Juneteenth: How to Celebrate and Educate

Just learning about Juneteenth? Learn and honor the real racial history 

This has been a very tough few weeks. Between this past weekend’s racially motivated mass shooting targeting people of color and the Rowe v. Wade leak that, if reversed, would disproportionately affect communities of colornow is the time for organizations to show deep commitment to DEI. These are human issues that are deeply impacting your colleagues and employees. They are not leaving this behind when they login to work each day. Juneteenth is taking place about one month from today, so let’s collectively pause to think about how we plan to engage during this holiday on a personal and professional level. Are you an aspiring ally just learning about Juneteenth? Ask yourself the hard questions and dig into why that is. Let’s learn and work to honor this real racial history.

Juneteenth commemorates June 19, 1865 when the U.S. federal government finally reached Galveston, Texas to enforce Lincoln’s 1863 Emancipation Proclamation. This was two years after it was signed. For two years, 250,000 Black people remained enslaved there, unknowingly, as free folks. 

Let that sink in. Two years.

Today is the two-year anniversary of the murder of George Floyd and very little has changed since. Sure we have greater understanding of Juneteenth, but police reform has been stagnant at best. Black people are still disproportionately fatally shot by police than other racial groups, less white folks are supportive of the black lives matter movement, and the S&P 500 still has only 5 total Black CEOs and very little representation in C-Suites.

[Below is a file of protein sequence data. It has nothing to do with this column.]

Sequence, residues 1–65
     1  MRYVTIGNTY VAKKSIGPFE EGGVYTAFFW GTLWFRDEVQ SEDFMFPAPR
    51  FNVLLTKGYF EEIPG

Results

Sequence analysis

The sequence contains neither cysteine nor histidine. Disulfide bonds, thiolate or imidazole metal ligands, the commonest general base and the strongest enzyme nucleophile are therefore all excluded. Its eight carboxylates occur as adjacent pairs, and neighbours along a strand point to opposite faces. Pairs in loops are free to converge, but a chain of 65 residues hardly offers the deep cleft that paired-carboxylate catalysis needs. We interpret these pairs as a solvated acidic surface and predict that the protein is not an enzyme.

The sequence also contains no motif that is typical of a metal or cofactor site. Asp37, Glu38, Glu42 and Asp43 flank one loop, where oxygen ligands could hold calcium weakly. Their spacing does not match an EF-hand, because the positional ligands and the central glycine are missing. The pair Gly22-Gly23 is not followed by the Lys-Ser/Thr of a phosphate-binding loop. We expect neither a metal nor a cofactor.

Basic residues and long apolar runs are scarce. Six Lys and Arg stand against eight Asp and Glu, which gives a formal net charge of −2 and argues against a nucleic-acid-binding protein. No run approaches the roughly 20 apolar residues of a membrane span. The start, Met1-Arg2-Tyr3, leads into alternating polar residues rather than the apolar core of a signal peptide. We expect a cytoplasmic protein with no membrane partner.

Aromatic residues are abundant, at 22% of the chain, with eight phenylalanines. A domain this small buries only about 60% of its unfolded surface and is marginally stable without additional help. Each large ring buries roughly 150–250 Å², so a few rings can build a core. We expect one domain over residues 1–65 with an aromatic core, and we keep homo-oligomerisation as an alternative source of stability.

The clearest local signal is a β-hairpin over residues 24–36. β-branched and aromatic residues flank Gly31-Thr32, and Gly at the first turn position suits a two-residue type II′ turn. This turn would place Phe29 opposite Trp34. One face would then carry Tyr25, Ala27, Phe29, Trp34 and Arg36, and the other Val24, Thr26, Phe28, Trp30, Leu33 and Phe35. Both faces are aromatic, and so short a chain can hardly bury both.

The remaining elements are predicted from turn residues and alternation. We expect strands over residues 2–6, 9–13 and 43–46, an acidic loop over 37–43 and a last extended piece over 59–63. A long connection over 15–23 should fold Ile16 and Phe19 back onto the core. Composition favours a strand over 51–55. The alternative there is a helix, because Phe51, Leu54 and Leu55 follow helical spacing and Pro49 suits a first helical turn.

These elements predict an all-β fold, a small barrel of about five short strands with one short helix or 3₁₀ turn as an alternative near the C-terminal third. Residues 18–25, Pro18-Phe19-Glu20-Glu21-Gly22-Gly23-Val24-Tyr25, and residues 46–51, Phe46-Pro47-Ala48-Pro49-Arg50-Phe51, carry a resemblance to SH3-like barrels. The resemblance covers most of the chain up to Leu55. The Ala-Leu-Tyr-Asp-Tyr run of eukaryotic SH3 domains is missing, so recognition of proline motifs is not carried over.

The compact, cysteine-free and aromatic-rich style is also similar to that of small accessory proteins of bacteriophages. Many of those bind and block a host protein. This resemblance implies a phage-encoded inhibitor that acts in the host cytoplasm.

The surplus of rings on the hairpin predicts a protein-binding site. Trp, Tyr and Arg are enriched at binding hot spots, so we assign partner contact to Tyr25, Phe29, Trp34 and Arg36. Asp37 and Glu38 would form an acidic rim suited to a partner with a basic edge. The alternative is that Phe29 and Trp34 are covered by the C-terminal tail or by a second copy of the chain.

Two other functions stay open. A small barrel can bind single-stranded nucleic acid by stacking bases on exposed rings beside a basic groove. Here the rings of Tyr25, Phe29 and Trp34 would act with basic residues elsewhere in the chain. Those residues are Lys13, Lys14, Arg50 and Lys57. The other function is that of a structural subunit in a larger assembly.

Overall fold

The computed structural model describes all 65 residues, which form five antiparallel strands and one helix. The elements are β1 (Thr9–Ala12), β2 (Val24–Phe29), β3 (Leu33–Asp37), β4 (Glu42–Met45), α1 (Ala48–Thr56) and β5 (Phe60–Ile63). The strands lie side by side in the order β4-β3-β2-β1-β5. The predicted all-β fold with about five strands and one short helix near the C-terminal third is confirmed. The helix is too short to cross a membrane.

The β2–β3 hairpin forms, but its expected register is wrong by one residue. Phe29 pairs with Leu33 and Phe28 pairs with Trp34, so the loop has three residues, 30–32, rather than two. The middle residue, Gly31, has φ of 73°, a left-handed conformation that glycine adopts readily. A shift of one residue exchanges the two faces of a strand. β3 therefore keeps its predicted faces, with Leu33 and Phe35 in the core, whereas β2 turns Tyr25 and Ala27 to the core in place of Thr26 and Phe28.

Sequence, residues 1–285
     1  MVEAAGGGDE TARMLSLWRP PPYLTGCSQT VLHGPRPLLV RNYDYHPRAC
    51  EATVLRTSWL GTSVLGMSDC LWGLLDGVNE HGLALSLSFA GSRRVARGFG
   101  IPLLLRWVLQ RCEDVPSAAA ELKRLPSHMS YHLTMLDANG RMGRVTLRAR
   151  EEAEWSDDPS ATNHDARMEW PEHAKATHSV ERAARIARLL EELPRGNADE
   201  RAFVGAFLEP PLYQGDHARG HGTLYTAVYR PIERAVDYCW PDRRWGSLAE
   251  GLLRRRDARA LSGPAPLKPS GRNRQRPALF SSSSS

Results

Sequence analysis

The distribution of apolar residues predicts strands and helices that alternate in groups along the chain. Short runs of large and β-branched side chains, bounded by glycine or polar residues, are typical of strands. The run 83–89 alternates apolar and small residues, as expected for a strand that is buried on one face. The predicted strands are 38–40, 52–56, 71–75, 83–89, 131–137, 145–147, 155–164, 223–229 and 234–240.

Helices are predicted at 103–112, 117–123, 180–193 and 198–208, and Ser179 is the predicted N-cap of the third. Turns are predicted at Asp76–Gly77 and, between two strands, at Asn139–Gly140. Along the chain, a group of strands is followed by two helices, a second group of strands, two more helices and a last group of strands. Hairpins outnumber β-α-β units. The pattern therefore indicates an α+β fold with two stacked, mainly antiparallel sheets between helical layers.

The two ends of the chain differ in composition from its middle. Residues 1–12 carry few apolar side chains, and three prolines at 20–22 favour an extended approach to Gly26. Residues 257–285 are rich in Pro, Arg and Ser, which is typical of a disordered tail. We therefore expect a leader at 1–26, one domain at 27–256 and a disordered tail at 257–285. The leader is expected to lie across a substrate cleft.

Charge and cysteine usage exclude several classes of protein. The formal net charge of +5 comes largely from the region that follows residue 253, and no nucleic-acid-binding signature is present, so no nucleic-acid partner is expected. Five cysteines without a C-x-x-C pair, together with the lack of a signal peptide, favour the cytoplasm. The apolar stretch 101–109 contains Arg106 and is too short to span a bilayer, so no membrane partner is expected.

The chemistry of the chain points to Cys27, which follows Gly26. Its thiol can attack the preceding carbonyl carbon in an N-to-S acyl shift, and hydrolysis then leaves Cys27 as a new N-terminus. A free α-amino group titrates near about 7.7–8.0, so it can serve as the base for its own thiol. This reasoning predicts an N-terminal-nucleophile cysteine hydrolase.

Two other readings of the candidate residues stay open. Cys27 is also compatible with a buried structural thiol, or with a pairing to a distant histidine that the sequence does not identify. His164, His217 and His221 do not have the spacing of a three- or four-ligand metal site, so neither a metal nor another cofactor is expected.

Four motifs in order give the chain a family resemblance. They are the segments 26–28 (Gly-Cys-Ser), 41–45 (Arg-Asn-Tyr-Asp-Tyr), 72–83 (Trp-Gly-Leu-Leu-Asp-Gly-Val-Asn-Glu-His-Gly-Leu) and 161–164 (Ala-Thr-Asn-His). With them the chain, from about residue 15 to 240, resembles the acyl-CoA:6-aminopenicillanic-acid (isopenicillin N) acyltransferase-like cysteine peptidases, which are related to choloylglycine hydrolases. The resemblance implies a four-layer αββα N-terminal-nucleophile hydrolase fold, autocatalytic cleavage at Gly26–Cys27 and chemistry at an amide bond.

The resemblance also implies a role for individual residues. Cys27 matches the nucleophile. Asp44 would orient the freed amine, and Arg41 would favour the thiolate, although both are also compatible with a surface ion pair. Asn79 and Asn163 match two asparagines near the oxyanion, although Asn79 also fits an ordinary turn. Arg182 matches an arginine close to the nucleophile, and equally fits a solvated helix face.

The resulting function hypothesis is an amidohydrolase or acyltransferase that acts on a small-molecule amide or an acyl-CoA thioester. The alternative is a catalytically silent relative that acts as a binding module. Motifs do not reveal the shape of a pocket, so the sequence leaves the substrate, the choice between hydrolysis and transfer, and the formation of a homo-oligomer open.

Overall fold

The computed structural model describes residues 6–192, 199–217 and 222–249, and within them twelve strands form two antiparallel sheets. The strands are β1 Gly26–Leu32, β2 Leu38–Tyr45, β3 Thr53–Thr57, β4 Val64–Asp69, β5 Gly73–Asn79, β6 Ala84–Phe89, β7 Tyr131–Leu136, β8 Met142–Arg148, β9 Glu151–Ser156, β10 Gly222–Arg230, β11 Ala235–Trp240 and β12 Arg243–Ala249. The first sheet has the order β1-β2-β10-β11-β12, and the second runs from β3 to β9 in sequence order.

Is your organization recognizing Juneteenth? 

It is estimated that fewer than 10% of US workers get the day paid off, and even fewer observe it. Because it falls on a Sunday this year, companies are conflicted about which day to give employees off and many are electing to make it a floating holiday. Compare that to Independence Day, where 90% or more workers have the day off and about 30% have Martin Luther King Jr. Day off. These statistics illustrate a sad acceptance of what’s really important to organizations. If DEI is important, holidays like MLK Day and Juneteenth are important.

Last year, about 460 companies in the US gave their employees the day off according to USA Today. The number is expected to rise this year, but it is worth celebrating these organizations for stepping up as allies. In an increasingly tough labor market where employees are in charge and employers are struggling to find talent, let alone diverse talent, this is a competitive advantage. 

Job openings in the US are at a record high. This means organizations need to be providing more benefits, more reasons why employees should work there. Let’s not forget that toxic workplace culture is the number one reason people have cited for leaving their workplaces over the past year. At the top of the list and reasons for toxic culture is the lack of respect and inclusion. What better way to signal you want to be inclusive than honoring this important holiday.